Thursday, April 26, 2007

Criminal Profiling Topic of the Day: Motive of a Mass Murderer

We keep hearing how the investigators are working hard to find the motive in the mass murder at Virginia Tech, that somewhere in the life and writings of Cho Seung-Hui there is the answer to why he committed such a horrible act. I say, why are we wasting so much time to search for an answer that is meaningless and also impossible to prove as being the actual truth of the matter?Cho was a psychopath who hated the world. If he were alive, he might pick this motive or that motive in an attempt to justify his actions. This supposed motive might be something he feels comfortable with as his reason for committing a heinous crime or it might be a motive he picks just to make himself look better in the eyes of the world. He might choose a motive to punish his classmates, his family, or some girl who didn’t give him the time of day. He might pick a motive just to play games with us. If Cho were alive, we might get some sort of answer but we would never know the veracity of it.

But, Cho is dead. We can peruse his mind through his writings and behaviors and take a wild guess at a motive, but we will never get his confirmation that we have the right one (the one he wants us to buy which makes it a nonsensical exercise anyway). So what is the point of this exercise in futility? I guess folks just want some answer they can live with, an answer that will assure us that this horrifying act was an anomaly which only happened because of one specific issue in Cho’s life. Then we can breathe a sigh of relief and say, well, there is nothing we can do about some that one circumstance that set him off..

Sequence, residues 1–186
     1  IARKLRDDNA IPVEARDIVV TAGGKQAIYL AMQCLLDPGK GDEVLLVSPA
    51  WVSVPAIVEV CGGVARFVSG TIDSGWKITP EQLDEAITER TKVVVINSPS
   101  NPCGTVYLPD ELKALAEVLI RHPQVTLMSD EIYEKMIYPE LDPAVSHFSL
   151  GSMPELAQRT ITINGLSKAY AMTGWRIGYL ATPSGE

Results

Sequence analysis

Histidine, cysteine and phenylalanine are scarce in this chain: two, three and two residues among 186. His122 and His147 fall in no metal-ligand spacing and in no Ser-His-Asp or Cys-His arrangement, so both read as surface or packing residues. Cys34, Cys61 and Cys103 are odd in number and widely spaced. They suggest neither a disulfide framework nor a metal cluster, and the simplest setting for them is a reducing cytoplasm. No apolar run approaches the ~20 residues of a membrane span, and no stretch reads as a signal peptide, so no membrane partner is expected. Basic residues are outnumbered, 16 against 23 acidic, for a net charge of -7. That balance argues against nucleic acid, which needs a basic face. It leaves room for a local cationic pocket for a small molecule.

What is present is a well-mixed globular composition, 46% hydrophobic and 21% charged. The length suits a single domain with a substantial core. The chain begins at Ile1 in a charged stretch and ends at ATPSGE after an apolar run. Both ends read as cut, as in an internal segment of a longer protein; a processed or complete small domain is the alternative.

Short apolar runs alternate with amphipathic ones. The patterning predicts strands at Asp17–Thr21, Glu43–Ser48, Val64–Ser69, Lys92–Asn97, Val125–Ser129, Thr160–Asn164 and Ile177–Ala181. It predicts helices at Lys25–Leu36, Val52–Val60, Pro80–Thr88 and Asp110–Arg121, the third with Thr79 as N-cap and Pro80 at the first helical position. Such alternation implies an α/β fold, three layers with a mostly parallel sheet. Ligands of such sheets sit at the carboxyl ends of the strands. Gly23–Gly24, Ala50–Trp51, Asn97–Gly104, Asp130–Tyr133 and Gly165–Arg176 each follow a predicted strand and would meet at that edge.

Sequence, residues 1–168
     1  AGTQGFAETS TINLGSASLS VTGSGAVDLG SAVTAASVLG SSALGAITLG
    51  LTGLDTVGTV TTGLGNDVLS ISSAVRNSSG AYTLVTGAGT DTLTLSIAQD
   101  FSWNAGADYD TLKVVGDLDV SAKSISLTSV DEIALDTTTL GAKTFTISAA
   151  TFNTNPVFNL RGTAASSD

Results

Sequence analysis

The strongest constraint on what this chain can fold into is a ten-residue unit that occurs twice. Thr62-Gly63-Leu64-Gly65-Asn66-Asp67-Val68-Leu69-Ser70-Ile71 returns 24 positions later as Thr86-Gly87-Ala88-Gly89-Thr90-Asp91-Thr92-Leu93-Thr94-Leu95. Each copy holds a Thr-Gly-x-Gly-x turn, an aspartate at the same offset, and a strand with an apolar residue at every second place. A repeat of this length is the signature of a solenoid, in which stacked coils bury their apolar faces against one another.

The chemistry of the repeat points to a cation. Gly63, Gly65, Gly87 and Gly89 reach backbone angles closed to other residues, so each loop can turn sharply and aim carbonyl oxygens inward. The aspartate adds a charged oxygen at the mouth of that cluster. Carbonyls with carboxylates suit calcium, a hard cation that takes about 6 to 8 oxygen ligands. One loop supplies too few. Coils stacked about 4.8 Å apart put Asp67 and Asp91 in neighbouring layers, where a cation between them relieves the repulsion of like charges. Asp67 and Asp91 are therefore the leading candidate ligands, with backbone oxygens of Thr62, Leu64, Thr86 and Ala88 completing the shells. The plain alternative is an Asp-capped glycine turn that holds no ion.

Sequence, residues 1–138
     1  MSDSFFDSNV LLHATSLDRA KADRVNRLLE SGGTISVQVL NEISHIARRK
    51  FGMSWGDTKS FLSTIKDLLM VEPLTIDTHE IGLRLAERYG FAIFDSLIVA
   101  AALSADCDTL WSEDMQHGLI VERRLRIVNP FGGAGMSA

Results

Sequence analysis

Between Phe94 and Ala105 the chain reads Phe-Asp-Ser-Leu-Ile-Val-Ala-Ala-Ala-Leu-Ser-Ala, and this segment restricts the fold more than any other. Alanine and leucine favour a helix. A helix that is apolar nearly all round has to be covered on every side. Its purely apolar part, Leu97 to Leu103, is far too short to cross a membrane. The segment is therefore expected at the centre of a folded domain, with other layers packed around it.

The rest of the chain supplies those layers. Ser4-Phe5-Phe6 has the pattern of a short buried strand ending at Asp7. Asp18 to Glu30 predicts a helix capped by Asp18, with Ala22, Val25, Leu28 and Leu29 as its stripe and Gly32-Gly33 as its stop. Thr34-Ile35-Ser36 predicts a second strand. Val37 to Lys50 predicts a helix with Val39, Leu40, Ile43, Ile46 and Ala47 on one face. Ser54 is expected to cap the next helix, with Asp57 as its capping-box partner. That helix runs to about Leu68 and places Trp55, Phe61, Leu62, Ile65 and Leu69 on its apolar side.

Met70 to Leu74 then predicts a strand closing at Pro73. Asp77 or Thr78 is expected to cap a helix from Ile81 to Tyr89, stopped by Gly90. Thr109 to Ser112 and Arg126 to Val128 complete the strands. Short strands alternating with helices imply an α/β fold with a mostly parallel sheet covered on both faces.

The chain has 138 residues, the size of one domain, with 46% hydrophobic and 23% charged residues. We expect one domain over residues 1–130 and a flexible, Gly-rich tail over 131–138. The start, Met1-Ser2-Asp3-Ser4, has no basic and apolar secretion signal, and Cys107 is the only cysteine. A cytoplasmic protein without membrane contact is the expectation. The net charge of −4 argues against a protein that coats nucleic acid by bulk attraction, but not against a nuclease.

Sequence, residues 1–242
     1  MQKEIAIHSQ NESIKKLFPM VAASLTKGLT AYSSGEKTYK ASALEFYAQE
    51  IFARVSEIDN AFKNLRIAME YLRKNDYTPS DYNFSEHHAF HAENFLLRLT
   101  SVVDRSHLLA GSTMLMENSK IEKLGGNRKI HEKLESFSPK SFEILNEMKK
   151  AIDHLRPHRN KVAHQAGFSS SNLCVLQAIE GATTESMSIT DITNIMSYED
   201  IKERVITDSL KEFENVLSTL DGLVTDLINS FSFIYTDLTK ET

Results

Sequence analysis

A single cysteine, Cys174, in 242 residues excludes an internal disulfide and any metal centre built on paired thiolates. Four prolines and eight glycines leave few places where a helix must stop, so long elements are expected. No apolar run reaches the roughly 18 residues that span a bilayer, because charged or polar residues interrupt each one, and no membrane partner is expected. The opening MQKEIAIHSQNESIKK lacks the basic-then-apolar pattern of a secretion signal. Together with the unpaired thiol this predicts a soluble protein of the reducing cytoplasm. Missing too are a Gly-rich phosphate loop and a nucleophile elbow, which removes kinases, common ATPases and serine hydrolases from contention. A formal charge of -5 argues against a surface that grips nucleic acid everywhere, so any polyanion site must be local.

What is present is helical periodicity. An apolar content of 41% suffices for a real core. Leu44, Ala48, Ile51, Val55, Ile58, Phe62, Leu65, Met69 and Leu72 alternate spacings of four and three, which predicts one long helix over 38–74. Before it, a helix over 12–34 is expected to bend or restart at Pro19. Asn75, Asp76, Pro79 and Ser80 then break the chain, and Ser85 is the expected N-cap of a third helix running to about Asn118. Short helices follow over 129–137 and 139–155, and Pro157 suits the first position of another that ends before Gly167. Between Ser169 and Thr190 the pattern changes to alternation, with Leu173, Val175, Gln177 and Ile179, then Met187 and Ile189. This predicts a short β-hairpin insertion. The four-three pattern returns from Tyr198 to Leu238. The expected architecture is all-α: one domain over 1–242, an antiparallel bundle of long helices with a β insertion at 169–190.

However, if we admit that Cho is a violent psychopath who simply wanted to get his revenge at the world for damned near everything that he felt went wrong in his life, then we have bigger problem: other psychopaths may come out of the woodwork and repeat Cho’s crime just for the hell of it. To stop future mass murderers we must address the creation of psychopaths and how we enable them to eventually take revenge on us. Accepting Cho as a psychopath is much scarier than just thinking he is a psychotic who misinterpreted some incident and snapped. If we finally accept that school mass murders and serial killings are on the rise in this country, we then know it is just a matter of time before we see another tragedy in the news.

Let’s stop looking for the “motives” of psychopaths and start spending our time figuring how to keep our children from developing antisocial personalities and how to protect society from those psychopaths that are already among us.

Criminal Profiler Pat Brown

1 comment:

Anonymous said...

Yes, very good Pat, I completely agree with you. When someone is murdered by a psychopath and the family say I want to ask them why they did it, I always think 'why? why do you want to ask a psychopath why they killed someone?' It's just that they did. I've not explained very well but I think you know what I mean.